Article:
Saturday, September 30, 2017

San Diego

I arrived yesterday and met my buddies at the airport. We had a lunch on the bay where the view of two aircraft carriers could be casually contemplated in peace time. Then, a dinner in Encinitas, interspersing domestic suburban activities throughout - a walking of the dog to pick the kids up at school, a football game, some chatting and laughing around the kitchen with a little red wine.

I stayed up late hoping that my sleep patterns would somehow coincide with other people's schedules and I nearly succeeded. I am still up early while everybody else is sleeping. The mildly cool wind coming in off the coast is pleasant. The sound of life beginning its day at the open windows is fine and peaceful as I sit and drink my coffee.  

We discussed politics in its social sense and the daunting possibility of (gasp!) living in a red state, the failure of the democratic party and perhaps of liberalism itself, as well as the potential charms of a place like Des Moines, Iowa. I tried to argue for living in a place that possessed some cultural vitality, that there was more to choosing a place to live than the cost of housing and low crime rates, though the voice of being a father was nagging at me, telling me that perhaps I do not believe so much of that that any more. 

Sonoma is far from being vital. Its charm in that regard is mainly its proximity to San Francisco. The majority of the "culture" that I now consume is streamed into my living space by choice, such is the embodiment of the American model of culture, it is only immersive in direct relation to the size and placement of your television. The days of regularly going to the Moma and the Met are no more. 

So, I checked on broadband speeds in Iowa. Don't tell...

My friend from Washington said that he never goes to the Seattle opera, so what does it matter to him. I questioned whether Seattle even had an opera. I checked; they do. The point was taken though. Why do I live in such an expensive place if it confers no special advantages, either real or imaginary, to me. 

Sonoma is naturally beautiful, I suppose. There is that. Culturally it is no more advanced than anywhere else. The region is mainly agricultural, the county religion is yoga, whose principle advantage seems to be the indeterminate physical and spiritual benefits it bestows on its most disciplined adherents. So there seems to be some imaginary competition for the achieving of those benefits, even though they can be had freely by many. Its truths are fundamental in a personal capacity. I suppose that may be preferable to the truths found in politics, the religion of fundamental social management.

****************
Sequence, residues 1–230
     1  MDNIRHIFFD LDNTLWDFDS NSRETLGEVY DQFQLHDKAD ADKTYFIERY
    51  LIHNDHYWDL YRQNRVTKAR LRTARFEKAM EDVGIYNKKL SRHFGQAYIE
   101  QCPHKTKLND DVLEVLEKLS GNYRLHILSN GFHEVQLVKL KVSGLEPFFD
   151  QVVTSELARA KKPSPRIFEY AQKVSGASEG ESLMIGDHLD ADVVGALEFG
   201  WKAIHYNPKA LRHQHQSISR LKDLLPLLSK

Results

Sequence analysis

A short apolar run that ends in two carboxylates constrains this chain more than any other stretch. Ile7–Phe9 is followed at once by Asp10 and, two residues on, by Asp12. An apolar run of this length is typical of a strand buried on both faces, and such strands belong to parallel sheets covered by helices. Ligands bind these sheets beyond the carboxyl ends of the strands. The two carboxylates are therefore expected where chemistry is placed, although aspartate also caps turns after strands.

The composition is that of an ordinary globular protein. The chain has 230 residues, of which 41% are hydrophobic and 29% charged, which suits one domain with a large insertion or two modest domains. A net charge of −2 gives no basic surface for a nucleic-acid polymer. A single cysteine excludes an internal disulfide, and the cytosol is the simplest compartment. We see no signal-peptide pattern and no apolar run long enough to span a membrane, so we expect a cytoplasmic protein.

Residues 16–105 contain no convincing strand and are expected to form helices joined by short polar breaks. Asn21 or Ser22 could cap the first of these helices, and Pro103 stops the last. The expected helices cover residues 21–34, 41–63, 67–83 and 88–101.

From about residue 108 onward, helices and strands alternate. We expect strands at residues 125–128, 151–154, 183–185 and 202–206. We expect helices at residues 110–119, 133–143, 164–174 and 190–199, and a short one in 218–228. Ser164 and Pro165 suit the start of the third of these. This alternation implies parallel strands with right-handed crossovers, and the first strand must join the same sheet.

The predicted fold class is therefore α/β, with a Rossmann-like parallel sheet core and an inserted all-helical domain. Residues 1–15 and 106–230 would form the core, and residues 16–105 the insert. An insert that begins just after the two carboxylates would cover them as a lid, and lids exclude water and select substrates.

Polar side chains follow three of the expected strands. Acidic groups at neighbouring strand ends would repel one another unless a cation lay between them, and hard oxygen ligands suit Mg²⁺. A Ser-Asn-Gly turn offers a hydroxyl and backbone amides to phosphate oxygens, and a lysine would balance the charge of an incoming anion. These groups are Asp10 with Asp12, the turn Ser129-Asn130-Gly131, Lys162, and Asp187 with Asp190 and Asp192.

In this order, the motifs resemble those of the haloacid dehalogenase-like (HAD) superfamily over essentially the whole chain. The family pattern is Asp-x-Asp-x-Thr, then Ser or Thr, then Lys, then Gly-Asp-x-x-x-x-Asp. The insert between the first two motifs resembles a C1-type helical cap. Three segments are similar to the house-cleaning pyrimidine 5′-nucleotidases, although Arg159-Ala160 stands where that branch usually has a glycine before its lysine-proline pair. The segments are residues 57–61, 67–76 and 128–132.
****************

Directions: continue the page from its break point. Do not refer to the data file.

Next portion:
Choosing to live in a place based on the options available there is a clever choice only if you exercise those options every now and then. Otherwise, too many options creates a crowding of inner and outer space. Choices become fatiguing noise when not regularly exercised. 

We discussed the failed assumptions of liberals, the idea that somehow being right should mean that they were also destined to win. The condescension they possess towards any and everyone else has become tiring, the moral surmising of their own superiority no longer worth the argument that would ensue to have them clarify their position on most things, or to point out that their value judgments are not nearly as implacable as they seem to believe, or at all. 

Being correct means little compared to winning elections. Smugness turned out to be a bad platform for winning over the hearts and minds of the stupid and angry.

It is difficult to be at a place in life where you still very much wish to believe in liberal ideals, but to watch those ideals thrive in their abbreviated form, winning on the lips of people who seem to have embraced them from expediency rather than conviction. Their most comprehensive message has to do with the wrongness of others, which can have a rather limiting capacity when attempting to advance or justify one's' own questionable postulates.

I know, dear reader, I well know... I am smug, but also vain, arrogant, and loud. What I lack in nuance I adjust for in volume. 

Maybe young people are still expounding, testing, arguing the edges of liberal thought. Who knows. The people in my age group seem to have conceded intellectual defeat and exhaustion. Opinions advanced in silence or not at all. Those who now self-define as liberals do not interest me much beyond them all being my friends. Those who self-define as conservatives have always been my moral enemy, which leaves me in the party of shut the fuck up and leave me alone. My only political agenda is advancing the proposition that you shouldn't talk to me about what is best for America, or worse, what should come next. 

As an experiment, ask everyone you know who should be the next democratic presidential nominee. The crisis is not only not over, it's worsening. The dems don't have a very deep bench when it comes to potential leaders. Trump took advantage of that as well as the desperate confusion on the right. He won in part because of there being too many options on the right and not enough on the left. 

CS said it well - he'll vote for whomever doesn't destroy his retirement quickly, thoroughly, or both. He said something like that. If I had any retirement funds then maybe I'd feel the same. I want a young charismatic Bernie Sanders type of anti-politician to tell me that people have already made enough money, but that sadly I am not one of those people and something should now be done about it. An untested political remedy is what we need most.

I'll vote for whomever tells me that I am owed a Prius.